• Work in the same direction as the grain of the wood.
DIY wood projects

Deck related Repair DIY projects

A Few Quick Ways To Jazz Up Your Deck This Year

If you are looking at your deck and wondering what you can do yourself to jazz up your outside space and make it a little more enjoyable for you and you family, here are 5 great DIY projects that any weekend warrior can tackle! Choose one or all of these options to really transform your space and expand your outdoor options.

A New Seal

Decking boards take a lot of punishment and often end up looking a little worse for the wear. Nothing makes a deck look older and like it’s going to fall apart than grey boards that look like they have been outside forever. This is actually a pretty simple fix and doesn’t even require that much money to fix. You need something to sand with, wood stain, a new weatherproof sealant, a few clear days, and a lot of patience.

Lightly sand off the old sealant and take the time to replace any nails that have become worn. Fill in any gaps and consider replacing boards that look a bit old. Then stain and let set before applying the sealant. Rinse off the deck at the end of the curing process and enjoy the fruits of your labor.

A Better Railing

Standard railings on decks are usually pretty ugly, not exactly supportive, and can sometimes end up making the deck look cheap or old. Sometimes they are built just to satisfy building code regulations, not to actually provide a useful space or to make your family safer. Thankfully railings are just attached to the sides usually, making it easy and quick to take them down and then replace them with something better.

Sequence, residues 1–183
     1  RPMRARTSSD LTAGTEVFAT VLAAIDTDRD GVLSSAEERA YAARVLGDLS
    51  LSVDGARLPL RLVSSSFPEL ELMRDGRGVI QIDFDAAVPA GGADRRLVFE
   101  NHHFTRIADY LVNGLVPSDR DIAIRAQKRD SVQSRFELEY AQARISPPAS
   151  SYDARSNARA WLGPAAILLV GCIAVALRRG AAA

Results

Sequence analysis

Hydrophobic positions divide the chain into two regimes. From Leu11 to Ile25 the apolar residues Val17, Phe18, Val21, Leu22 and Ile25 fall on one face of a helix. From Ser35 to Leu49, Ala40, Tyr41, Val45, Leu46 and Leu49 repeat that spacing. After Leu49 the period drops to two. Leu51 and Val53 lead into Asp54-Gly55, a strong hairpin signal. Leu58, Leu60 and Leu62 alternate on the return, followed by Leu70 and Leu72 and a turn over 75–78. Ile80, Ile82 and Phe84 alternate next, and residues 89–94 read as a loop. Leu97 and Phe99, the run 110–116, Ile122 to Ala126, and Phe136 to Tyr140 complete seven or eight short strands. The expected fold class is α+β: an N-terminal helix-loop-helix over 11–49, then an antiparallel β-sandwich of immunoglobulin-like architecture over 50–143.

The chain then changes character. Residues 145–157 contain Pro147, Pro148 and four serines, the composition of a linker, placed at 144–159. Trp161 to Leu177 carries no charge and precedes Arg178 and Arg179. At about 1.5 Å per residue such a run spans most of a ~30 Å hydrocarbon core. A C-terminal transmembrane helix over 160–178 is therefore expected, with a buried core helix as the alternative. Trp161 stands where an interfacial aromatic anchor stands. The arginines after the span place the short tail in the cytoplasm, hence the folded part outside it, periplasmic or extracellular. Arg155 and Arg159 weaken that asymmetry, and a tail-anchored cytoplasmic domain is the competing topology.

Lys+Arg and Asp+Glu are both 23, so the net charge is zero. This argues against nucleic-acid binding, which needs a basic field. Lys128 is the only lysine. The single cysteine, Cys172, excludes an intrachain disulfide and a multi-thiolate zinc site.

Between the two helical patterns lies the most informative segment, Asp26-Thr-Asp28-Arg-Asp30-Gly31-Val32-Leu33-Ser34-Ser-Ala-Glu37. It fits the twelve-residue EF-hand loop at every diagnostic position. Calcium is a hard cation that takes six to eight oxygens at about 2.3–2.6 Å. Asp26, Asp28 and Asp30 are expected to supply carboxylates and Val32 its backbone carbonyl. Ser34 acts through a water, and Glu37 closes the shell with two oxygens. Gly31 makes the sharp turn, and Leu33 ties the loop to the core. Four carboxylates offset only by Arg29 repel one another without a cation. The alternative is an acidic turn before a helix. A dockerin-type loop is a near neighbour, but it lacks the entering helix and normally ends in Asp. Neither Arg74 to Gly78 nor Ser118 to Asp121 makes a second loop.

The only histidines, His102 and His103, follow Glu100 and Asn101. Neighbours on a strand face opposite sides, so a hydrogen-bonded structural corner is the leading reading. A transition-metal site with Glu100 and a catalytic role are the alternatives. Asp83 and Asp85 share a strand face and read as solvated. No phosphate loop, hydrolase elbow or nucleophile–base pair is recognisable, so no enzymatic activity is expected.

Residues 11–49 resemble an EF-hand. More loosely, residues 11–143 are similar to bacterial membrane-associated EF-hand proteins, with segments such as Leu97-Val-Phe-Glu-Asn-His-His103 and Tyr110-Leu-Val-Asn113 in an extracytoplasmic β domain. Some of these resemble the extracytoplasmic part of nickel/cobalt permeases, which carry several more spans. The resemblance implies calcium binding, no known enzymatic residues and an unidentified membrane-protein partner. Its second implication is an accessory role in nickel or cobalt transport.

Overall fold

A few quick options include curved railings, railings thick enough to actually put a drink or something else on, or railings that make up a pattern with the support and auxiliary beams. Make sure you measure your deck completely and attach everything securely. This is a great project to pair with a re-sealing as you can make sure both parts of the deck match completely.

New Stairs

Stairs are really where the bulk of the utility of a deck lies. Usually a deck will only have one pair of stairs and often they are very narrow, making them hard to get up and down. Newer decks are moving to have multiple sets of stairs, making them wider and shallower, and even putting in mini stair sets for lower decks to make getting on and off of them easier.

This is a project you need to draw out ahead of time and it wouldn’t hurt to consult a pro to make sure your design will be load bearing. Measure the area from the top of the deck to the bottom, figure out how many stairs you need at your preferred height, and then install supports at both sides and in the middle for each board. This weekend project will take a bit longer than you think, but can change the entire look of your deck very quickly.

A Second Lower Deck

A new trend has been to add in a lower deck, just a few inches or even a few feet below the first. This increases the area that you can use, is really nice when hosting a dinner party, and can create sheltered areas underneath for working in the garden or storing items.

Wood Deck improvement

These small decks generally seem to be around 10 feet or so, are generally a mirror to the bigger deck, and can be quickly put together with a bit of elbow grease.

No matter which project you choose, a bit of money, a long weekend, and some good weather can help you rehab your deck and make it one of your favorite places to hang out.